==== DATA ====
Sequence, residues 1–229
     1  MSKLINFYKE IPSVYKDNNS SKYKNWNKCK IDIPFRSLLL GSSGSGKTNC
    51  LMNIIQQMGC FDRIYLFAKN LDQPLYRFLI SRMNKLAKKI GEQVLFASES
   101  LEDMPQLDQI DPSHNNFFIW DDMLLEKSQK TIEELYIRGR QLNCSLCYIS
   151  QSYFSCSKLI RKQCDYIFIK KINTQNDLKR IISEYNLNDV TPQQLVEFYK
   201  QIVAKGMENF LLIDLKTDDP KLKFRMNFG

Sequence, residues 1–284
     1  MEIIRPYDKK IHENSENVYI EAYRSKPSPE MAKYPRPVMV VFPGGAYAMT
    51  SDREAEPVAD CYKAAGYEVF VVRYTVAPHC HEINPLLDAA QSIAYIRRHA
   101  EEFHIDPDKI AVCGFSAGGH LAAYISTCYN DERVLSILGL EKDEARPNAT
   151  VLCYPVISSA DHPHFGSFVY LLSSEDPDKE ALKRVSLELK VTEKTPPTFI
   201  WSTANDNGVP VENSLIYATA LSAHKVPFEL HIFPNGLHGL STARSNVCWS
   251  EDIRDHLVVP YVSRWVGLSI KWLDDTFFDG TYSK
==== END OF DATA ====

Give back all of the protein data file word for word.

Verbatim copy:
Sequence, residues 1–229
     1  MSKLINFYKE IPSVYKDNNS SKYKNWNKCK IDIPFRSLLL GSSGSGKTNC
    51  LMNIIQQMGC FDRIYLFAKN LDQPLYRFLI SRMNKLAKKI GEQVLFASES
   101  LEDMPQLDQI DPSHNNFFIW DDMLLEKSQK TIEELYIRGR QLNCSLCYIS
   151  QSYFSCSKLI RKQCDYIFIK KINTQNDLKR IISEYNLNDV TPQQLVEFYK
   201  QIVAKGMENF LLIDLKTDDP KLKFRMNFG

Sequence, residues 1–284
     1  MEIIRPYDKK IHENSENVYI EAYRSKPSPE MAKYPRPVMV VFPGGAYAMT
    51  SDREAEPVAD CYKAAGYEVF VVRYTVAPHC HEINPLLDAA QSIAYIRRHA
   101  EEFHIDPDKI AVCGFSAGGH LAAYISTCYN DERVLSILGL EKDEARPNAT
   151  VLCYPVISSA DHPHFGSFVY LLSSEDPDKE ALKRVSLELK VTEKTPPTFI
   201  WSTANDNGVP VENSLIYATA LSAHKVPFEL HIFPNGLHGL STARSNVCWS
   251  EDIRDHLVVP YVSRWVGLSI KWLDDTFFDG TYSK